Information listed in this database includes:
Name of individual baptized
Baptismal date
Parents’ names
Birth date
Names of godparents
At least one godparent was required for proper baptism
NL’ or ‘Not Listed’ indicates that the name or date is not written in the original record
‘XXX’ indicates that the name or date is completely illegible
CXX’ indicates that only the initial letter of a name is legible in the original record
Middle names were not transcribed except for ‘Mary Ann/Anne’ to distinguish from ‘Mary’
Surnames and given names were transcribed as they appear and were verified in the original registers.")

Thursday, November 13, 2008

1870 Census - Mulvany Family

This is an image of the 1870 census of the Mulvan(e)y family. James gives his age as 42 - he's only aged 8 years in the past 10, but with this age, his birthdate would be around 1828. Bridget has aged 10 years in the past 10 years, from 28 to 38, so her birthdate would remain the same, around 1832. James is listed as a Carpenter, still, and his oldest son Thomas is an "Ap. Carpenter" - he's apprenticed, I'd assume, to learn his father's trade. Thomas, John, and Patrick, at ages 15, 13, and 11, have each aged a neat 10 years in the past 10 years, so their birthdates remain around 1855, 1857, and 1859, respectively. They're joined by younger siblings Mary, 9, (b. 1861?) and James, 6, (b. 1864?). Patrick and Mary are at school. Thomas, as we said, is learning to be a carpenter, John has a question mark next to "occupation" (would 13 be too old for school and too young to work in 1870? I didn't think there was such a thing!), and James Jr. seems not to have started yet. Bridget is listed as a dressmaker in this census. Interestingly, James Sr. has an affirmative mark under "Male citizen of U.S. of 21 years of age and upward." We know James was not born a citizen, but he has become one since arriving in the U.S. Either he went through the entire naturalization process, but Bridget did not, or he could have petitioned for naturalization after service in the Army. According to Wikipedia, "An 1862 law allowed honorably discharged Army veterans of any war to petition for naturalization, without having filed a declaration of intent, after only one year of residence in the United States." It doesn't strike me as particularly likely that he served much time, if any, in the Army during the Civil War, however, due to the timing of the births of his youngest children. If he were away at war from 1861-1865, it is highly unlikely that he could have fathered children born in 1861 and 1864. It's not impossibly, however, to imagine that he may have been away for 2-3 years in between their births.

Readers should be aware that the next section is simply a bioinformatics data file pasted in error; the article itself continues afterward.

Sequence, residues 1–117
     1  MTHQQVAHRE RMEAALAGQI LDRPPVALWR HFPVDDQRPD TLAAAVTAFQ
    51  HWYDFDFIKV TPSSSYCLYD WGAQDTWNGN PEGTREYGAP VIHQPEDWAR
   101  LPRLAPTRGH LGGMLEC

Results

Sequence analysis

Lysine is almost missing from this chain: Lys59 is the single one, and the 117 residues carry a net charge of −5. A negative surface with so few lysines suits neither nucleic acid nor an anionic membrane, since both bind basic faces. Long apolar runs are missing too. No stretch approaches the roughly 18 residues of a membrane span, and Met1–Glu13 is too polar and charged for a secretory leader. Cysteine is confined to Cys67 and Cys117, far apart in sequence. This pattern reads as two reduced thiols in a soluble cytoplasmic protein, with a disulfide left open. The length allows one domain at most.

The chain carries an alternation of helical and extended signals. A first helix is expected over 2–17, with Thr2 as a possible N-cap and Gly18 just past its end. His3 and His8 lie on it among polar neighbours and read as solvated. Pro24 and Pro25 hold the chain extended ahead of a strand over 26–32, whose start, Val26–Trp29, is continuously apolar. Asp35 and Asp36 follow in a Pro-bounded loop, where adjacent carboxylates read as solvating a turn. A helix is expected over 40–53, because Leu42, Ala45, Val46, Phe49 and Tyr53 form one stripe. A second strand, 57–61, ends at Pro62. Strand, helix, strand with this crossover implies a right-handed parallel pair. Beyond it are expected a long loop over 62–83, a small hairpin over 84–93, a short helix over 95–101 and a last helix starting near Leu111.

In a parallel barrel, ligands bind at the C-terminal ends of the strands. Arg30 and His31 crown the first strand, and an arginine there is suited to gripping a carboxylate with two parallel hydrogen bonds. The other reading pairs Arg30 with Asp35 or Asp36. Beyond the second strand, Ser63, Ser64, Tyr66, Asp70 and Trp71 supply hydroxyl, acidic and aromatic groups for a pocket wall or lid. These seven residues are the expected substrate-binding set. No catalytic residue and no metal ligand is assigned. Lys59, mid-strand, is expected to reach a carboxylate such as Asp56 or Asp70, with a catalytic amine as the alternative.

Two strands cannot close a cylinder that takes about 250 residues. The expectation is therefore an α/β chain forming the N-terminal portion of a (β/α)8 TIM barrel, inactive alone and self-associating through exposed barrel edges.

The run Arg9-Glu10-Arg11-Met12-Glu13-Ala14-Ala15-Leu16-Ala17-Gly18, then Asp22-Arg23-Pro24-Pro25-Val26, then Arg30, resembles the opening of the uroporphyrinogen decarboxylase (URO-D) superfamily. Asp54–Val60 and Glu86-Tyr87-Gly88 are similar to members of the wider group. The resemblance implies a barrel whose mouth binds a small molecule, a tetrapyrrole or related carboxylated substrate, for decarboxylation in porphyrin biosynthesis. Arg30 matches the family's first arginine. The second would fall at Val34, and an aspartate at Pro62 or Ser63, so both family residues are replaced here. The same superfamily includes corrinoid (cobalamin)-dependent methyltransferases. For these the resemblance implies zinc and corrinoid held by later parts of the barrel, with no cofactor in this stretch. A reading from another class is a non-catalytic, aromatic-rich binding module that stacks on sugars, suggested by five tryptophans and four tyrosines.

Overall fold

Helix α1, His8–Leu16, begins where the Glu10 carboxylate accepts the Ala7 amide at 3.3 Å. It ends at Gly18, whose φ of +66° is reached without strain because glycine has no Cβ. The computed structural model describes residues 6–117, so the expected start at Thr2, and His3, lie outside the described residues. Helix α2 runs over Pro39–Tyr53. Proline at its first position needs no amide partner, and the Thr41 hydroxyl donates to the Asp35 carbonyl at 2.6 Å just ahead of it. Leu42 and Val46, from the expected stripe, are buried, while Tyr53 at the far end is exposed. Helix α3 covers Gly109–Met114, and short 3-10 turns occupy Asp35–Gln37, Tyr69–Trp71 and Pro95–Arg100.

Betty and John have told me that these names seem to match up with the names they know of of Patrick's siblings, and that they're pretty sure that Patrick's brother John was a Brooklyn alderman.
It seems that the family has moved since the last census was taken. They no longer live in the same apartment building as the John Mulvany family, and are now in a single-family house. There is no record of the value of their estate this year, but it wouldn't surprise me if they were doing better than they had been in 1860, simply because the move from an apartment to single-family house tends to be a move up.
Another record of the family that I MAY have found is in the Baptismal Record of St. Paul's Church in Brooklyn. Mary Ann Mulvaney (spelled with the "e" now) was born April 7, 1852, and baptized at the church April 25, 1852. Parents are listed as James Mulvaney and Bridget Rothwell, and godparents are John Mulvaney and Brid Kavanah. This Mary Ann Mulvaney would be about 10 years older than the Mary Mulvaney listed on the census, and would be about 3 years older than Thomas, who appeared to be the oldest child. The parents' names are correct, as, it would seem that the godfather, is as well, although it's cutting it close for John Mulvaney to be in the US in April of 1852, when it would seem that his son Michael was born in Ireland in 1853 - late 1852, I'd think, at the earliest. Possibly, of course, Michael's age is a year or two off. It seems likely, but not definite, that this is another, older child, a girl who possibly died young, born to James and Bridget Mulvaney before their oldest son Thomas. Is anyone familiar with St. Paul's Church and whether the family were parishioners?

1860 Census - Mulvany Families